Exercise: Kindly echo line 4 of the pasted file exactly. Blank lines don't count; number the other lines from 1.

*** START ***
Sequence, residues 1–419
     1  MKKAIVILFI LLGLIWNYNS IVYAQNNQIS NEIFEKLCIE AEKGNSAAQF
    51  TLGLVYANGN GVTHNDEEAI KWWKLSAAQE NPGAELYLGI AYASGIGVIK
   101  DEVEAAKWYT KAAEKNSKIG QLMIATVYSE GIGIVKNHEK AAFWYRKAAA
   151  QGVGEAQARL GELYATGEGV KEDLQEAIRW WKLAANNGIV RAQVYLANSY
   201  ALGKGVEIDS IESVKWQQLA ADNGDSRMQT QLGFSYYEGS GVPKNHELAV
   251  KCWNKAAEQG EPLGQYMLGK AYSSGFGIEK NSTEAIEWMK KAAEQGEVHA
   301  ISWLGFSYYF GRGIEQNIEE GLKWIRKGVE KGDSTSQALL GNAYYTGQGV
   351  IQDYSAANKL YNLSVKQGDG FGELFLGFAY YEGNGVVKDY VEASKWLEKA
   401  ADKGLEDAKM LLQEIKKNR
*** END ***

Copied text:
   101  DEVEAAKWYT KAAEKNSKIG QLMIATVYSE GIGIVKNHEK AAFWYRKAAA